Remarks by U.S. Ambassador Natalie E. Brown at Women Advocating for Change Community Dialogue  

U.S. Ambassador Natalie E. Brown at Women Advocating for Change Community Dialogue. PHOTO by IDI Makerere Abubaker Kazibwe

Kampala, Uganda  |  December 2, 2022  

(As prepared for delivery) 

Good afternoon!  I am so pleased and honored to be here with you today to commemorate 16 Days of Activism against gender-based violence, or GBV.  I would like to thank the Ministry of Gender, Labor, and Social Development, The Alliance for Women Advocating for Change (AWAC), and the Infectious Diseases Institute (IDI) for organizing this event to raise public awareness about the dangers of gender-based violence against women and girls.  

We applaud the Alliance for Women Advocating for Change (AWAC) team’s efforts and dedication to addressing this very serious issue.  It is so appropriate for us to convene at this facility because its mission aligns with the theme of this year’s 16 Days’ against GBV campaign: “Orange the World: UNITE, Activism to End Violence against Women and Girls!” 

I want to appreciate all of the brave girls and young women who shared their personal testimonies, including in the skits and songs.  I commend your strength and perseverance, but we can’t ignore the underlying heartbreak, pain, and suffering inflicted upon women as a result of gender-based violence. This must stop, now!  

As evidenced from today’s testimonies, violence has a variety of negative consequences, including facilitating the spread of HIV, hampering adherence to medication, lowering the self-esteem of women, and disrupting families, and communities.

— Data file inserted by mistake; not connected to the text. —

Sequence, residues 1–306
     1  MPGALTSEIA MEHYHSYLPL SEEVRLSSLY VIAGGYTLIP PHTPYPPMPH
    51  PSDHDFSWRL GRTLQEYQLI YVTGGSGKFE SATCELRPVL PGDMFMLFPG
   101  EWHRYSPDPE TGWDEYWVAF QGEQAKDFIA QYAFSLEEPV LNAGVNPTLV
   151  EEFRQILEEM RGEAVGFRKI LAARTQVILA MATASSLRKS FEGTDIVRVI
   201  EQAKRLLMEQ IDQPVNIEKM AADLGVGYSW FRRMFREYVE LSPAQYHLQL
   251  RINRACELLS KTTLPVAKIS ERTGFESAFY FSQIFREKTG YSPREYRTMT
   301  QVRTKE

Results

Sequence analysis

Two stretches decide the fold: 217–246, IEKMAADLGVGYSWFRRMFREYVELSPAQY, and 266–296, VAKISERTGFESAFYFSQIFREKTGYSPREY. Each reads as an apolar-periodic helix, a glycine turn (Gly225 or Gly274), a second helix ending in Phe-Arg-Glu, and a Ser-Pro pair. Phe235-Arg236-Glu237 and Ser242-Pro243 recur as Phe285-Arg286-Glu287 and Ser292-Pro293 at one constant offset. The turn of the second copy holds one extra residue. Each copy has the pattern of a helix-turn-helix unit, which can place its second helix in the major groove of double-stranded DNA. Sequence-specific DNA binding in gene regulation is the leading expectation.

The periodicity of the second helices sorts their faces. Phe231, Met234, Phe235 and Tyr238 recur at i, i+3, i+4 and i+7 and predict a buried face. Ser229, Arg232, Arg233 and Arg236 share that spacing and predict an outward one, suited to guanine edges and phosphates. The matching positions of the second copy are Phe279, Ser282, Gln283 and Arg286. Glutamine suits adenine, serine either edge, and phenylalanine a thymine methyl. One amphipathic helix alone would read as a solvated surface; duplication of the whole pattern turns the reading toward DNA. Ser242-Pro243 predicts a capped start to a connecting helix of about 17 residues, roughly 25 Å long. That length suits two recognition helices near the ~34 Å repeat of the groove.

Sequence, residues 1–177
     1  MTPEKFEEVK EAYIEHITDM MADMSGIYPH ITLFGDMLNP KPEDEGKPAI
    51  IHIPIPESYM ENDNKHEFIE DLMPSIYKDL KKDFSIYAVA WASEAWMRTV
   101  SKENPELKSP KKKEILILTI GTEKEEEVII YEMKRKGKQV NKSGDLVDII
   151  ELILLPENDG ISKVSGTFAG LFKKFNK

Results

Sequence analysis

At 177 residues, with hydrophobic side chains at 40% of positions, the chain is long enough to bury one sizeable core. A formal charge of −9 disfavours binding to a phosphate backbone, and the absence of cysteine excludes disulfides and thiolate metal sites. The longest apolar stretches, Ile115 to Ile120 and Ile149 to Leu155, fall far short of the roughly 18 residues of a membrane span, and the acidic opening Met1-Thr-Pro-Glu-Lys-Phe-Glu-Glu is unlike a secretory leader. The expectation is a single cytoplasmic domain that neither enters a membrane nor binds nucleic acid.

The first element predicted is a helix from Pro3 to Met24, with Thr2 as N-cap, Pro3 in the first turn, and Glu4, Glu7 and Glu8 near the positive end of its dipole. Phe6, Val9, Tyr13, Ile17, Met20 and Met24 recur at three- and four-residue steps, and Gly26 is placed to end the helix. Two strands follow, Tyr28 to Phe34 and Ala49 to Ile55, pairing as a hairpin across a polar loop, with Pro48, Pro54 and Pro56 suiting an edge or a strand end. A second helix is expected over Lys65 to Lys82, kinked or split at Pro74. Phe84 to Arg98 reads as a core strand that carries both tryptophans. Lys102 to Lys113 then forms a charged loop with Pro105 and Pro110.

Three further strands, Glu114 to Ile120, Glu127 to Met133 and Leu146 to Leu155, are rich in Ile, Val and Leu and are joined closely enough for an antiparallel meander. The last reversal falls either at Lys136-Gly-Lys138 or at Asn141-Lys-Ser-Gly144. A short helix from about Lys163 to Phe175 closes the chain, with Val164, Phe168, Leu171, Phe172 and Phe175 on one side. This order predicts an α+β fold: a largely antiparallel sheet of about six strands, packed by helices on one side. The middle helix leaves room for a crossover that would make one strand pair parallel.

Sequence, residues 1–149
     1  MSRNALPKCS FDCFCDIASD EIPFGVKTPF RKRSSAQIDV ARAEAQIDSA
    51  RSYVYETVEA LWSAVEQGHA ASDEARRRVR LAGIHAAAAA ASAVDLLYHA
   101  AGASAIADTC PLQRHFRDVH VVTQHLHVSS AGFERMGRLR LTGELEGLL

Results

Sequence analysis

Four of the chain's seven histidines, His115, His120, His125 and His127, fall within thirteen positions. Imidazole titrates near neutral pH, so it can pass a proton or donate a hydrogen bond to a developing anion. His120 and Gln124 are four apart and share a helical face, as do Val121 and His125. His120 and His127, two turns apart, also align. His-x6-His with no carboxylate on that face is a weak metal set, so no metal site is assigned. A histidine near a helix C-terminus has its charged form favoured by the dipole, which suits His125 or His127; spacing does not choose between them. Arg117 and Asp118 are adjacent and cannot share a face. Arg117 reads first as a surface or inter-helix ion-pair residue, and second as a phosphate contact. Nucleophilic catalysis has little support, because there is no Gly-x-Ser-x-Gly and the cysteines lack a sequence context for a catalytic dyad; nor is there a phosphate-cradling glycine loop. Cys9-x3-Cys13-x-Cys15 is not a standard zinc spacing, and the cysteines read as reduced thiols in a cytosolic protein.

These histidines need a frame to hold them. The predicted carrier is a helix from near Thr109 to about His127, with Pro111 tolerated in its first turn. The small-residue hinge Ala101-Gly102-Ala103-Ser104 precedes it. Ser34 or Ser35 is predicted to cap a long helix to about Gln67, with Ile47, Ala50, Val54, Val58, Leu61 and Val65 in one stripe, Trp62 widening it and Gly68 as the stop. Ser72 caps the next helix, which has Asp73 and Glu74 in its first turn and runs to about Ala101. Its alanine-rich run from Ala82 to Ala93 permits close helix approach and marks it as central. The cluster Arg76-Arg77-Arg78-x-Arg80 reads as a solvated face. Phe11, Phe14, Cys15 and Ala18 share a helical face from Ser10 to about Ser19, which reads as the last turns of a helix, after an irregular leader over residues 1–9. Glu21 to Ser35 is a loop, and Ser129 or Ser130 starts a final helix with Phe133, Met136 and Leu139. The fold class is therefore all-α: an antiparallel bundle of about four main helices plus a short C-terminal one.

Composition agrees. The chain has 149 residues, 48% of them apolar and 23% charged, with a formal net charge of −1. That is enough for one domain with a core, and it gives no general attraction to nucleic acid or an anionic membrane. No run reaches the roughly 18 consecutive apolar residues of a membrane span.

I am hopeful that today’s dialogue among you who are directly involved in preventing violence — the Kampala Capital City Authority, Local Councils, health sector, the community leaders and all other key stakeholder present here today — will reinvigorate you to continue the fight against GBV, to learn from each other, to strengthen your collective efforts, and mobilize all those in your spheres of influence to commit themselves to eliminating violence against women and girls.  

U.S. Ambassador Natalie E. Brown at Women Advocating for Change Community Dialogue (PHOTO by IDI Makerere Abubaker Kazibwe)

This commitment is critical as we strive towards HIV epidemic control in Uganda.  Heath equity is the first of 5 principles in the re-imagined PEPFAR.  We do not want to leave anyone behind and yet violence threatens HIV and other public health efforts, especially for women.   

From PEPFAR-supported Integrated Bio-Behavioral Surveys conducted in 2022 by the Makerere School of Public Health, preliminary data indicate an HIV prevalence of 35% among female sex workers in Uganda.  This is almost six times higher than the prevalence among the general population.  This is not a new finding, but speaks to the vulnerability of this population and need to recommit our HIV prevention, care and treatment efforts. 

Additionally, gender-based violence destroys families, weakens the fabric of society, takes a heavy toll on communities and the economy.  This violation of women’s fundamental rights has devastating consequences for women, girls, and their families, as well as men and the broader community.  GBV is widespread in Uganda and was recently compounded by the COVID-19 pandemic which created a lot of anxiety, stress and hardships, especially for the  most marginalized groups, leading to escalated cases of GBV in this community, not to mention early and teenage pregnancies.  

The AWAC Uganda COVID-19 Rapid Gender Assessment of 2020, presented data indicating that out of 1,124 respondents, 65% had experienced physical violence, 38% had experienced sexual violence, 72% had experienced psychological violence and all the respondents were experiencing distress due the COVID-19 pandemic.  The data propel us to make deliberate steps directing our investments to initiatives, such as support to this Drop-in Center.